Enterprise headlines and summaries, 2009-05-14

  • MySQL daddy seeks post-Sun Oracle independence
    He’s argued the MariaDB fork can act like the Fedora project to Red Hat’s Linux distro. A key Alliance goal is to remain closely connected to MySQL developers that remain inside Oracle and to also ensure that they continue to work inside the MySQL and MariaDB community instead of getting boxed off by Oracle or serving only development goals deemed priorities by the giant. “To see colleagues go away from the MySQL/MariaDB community would be a loss for me and for all MySQL users/customers,” Widenius told The Reg Wednesday. The Alliance will seek to create a “better” MySQL Server by continuing to working with MySQL developers inside Oracle, he said. “We will keep MariaDB up to date with all changes to MySQL and it’s in our interest that MySQL works.”
  • Ballmer Moves to Quiet SAP Buyout Talk
    A Microsoft-SAP hookup, though, is a tasty proposition in some ways and a scary one in others. Aside from the regulatory troubles it could bring (which is why we suspect it’ll never happen), the merging of two fairly large companies with dissimilar cultures across an ocean sounds like a beast of a chore for Microsoft, which is currently trying to make users forget Vista by wowing them with Windows 7 and is also endeavoring to stave off the netbook craze that’s eating away at Windows profit margins. Then there’s Dynamics, Microsoft’s own ERP and CRM offering. What on earth would happen to the four Dynamics ERP suites plus Dynamics CRM if Microsoft snapped up SAP? Would they disappear? That’s our guess, actually, given that Dynamics’ momentum is slowing a bit and that we’re hearing second-hand reports of gloom and doom from Dynamics partners. Then again, gloom and doom aren’t exactly in short supply right now. Or, would Dynamics get folded into SAP’s offerings, thereby destroying Mic
  • Oracle Buys Virtual Iron
    Oracle has agreed to acquire Virtual Iron Software, Inc. (Virtual Iron), a provider of server virtualization management software that enables dynamic resource and capacity management in virtualized data centers. The combination of Virtual Iron’s technology and Oracle VM’s scalable, high performance and highly available server virtualization product is expected to provide more comprehensive and dynamic resource management across the full software stack. Customers are expected to benefit from better capacity utilization, streamlined virtual server configuration, and improved visibility and control of their enterprise software. The transaction is subject to customary closing conditions and is expected to close this summer. Until the deal closes, each company will continue to operate independently. Financial details of the transaction were not disclosed.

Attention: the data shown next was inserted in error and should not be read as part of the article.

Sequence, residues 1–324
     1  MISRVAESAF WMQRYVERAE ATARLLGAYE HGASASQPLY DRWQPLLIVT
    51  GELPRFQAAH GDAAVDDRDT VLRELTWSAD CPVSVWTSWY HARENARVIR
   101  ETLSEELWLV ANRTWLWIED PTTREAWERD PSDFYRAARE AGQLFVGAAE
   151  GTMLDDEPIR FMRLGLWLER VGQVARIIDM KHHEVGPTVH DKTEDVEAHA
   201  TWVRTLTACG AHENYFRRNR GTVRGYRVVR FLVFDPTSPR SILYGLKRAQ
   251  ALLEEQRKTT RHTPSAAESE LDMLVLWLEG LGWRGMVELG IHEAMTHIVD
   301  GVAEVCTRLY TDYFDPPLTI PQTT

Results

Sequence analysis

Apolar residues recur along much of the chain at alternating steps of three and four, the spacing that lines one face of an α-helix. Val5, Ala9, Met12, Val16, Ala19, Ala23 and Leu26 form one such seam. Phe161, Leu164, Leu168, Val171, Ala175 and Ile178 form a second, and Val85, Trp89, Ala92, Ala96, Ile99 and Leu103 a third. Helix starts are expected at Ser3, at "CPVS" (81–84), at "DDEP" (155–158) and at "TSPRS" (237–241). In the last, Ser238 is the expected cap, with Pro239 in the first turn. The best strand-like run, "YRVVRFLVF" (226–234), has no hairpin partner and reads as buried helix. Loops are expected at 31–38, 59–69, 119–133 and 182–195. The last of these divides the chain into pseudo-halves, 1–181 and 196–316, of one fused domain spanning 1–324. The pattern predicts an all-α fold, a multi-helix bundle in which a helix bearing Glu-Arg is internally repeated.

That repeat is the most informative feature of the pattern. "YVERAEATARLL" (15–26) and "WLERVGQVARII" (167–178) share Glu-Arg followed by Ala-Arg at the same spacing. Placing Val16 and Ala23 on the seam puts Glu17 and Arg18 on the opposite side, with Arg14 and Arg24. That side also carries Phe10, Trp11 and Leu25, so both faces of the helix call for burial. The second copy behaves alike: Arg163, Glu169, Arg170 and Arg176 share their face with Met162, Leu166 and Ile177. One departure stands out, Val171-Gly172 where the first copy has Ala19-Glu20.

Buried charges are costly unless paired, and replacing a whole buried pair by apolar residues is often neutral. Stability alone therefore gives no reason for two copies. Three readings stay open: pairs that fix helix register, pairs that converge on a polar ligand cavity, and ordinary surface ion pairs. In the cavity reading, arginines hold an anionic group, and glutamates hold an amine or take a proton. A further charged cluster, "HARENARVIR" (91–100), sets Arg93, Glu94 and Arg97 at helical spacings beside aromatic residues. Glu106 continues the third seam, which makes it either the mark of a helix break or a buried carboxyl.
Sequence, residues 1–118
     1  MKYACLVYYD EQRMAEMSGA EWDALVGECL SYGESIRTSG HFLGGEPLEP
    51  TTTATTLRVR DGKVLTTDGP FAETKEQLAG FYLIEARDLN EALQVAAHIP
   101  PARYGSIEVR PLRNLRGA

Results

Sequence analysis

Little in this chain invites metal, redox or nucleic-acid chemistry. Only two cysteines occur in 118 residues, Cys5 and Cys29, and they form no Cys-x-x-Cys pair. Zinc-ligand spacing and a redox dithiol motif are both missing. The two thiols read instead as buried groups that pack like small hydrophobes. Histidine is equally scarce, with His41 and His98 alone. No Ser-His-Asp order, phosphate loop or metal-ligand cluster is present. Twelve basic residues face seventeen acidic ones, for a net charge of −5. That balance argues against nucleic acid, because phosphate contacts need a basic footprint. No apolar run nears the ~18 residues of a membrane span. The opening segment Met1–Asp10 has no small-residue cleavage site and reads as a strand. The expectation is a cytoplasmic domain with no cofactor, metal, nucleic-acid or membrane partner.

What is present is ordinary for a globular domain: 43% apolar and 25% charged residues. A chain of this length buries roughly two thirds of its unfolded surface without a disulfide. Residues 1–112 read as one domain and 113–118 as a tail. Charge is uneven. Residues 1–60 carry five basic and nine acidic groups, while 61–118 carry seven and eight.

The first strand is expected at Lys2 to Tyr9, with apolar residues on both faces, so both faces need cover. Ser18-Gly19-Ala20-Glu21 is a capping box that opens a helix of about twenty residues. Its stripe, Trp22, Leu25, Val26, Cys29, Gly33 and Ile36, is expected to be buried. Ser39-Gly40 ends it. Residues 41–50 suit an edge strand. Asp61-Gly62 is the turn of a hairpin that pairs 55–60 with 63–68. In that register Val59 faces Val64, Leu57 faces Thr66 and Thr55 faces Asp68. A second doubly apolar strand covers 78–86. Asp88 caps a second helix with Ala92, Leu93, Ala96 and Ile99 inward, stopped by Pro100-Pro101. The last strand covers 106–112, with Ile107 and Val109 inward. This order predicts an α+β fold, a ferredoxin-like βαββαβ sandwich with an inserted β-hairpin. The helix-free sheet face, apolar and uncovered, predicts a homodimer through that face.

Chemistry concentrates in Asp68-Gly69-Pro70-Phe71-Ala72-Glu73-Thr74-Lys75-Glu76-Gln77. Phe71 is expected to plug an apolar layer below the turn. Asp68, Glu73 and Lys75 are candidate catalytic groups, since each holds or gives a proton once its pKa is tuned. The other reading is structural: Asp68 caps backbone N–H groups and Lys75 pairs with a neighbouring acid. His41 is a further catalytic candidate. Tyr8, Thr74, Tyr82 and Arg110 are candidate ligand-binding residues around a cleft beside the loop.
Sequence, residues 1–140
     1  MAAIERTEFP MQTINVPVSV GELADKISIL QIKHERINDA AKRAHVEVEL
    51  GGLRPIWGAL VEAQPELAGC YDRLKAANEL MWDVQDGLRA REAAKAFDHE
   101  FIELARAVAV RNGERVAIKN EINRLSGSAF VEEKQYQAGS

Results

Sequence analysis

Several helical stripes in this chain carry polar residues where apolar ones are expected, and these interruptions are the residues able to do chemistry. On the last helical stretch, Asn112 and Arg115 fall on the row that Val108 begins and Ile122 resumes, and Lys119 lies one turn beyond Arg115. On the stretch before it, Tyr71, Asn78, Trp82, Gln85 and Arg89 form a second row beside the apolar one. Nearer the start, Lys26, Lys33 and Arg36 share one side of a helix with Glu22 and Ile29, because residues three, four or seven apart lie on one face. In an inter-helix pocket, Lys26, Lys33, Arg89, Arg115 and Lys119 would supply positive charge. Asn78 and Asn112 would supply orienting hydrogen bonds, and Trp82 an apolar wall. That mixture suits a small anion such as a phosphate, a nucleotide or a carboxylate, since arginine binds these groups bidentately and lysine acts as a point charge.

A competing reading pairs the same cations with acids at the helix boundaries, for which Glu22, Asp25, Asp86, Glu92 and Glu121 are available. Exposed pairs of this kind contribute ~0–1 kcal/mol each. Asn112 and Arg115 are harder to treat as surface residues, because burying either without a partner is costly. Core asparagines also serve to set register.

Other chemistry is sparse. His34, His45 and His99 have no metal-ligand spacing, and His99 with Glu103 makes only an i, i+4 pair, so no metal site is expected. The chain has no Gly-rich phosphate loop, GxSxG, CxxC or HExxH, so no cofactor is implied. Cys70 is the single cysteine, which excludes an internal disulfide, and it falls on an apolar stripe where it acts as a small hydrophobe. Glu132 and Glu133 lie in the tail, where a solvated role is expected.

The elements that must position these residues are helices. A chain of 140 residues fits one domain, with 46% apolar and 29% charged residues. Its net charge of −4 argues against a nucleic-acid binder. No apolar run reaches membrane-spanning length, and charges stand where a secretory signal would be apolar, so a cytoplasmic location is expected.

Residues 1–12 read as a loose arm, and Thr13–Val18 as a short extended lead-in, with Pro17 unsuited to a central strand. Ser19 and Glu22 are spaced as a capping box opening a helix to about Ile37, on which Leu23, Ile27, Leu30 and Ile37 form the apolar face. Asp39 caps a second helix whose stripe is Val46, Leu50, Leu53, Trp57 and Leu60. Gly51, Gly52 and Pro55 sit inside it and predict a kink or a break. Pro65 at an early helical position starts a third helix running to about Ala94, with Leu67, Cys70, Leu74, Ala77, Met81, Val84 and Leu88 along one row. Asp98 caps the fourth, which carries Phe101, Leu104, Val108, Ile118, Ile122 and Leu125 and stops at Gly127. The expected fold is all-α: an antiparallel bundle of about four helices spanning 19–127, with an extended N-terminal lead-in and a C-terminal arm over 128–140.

• Businesses Quit Slashing IT Budgets
    The stabilization doesn’t mean the good times are back in tech. While spending may have hit a bottom, the executives say they don’t intend to boost their budgets again until after their businesses and the economy as a whole have shown stability for several quarters. For 2010, they anticipate tech budgets that are mainly flat. “I don’t think that we’ll see the [spending] levels that we saw three or four years ago,” says Catherine Brune, the chief information officer at insurer Allstate Corp., whose $1 billion tech budget has been flat for the last year and will most likely remain so into 2010. But for now, she says, “I’m not hearing the panic that I was six to nine months ago.”
  • Oracle’s Virtual Iron Buyout Will Provide Essential VM Tool Set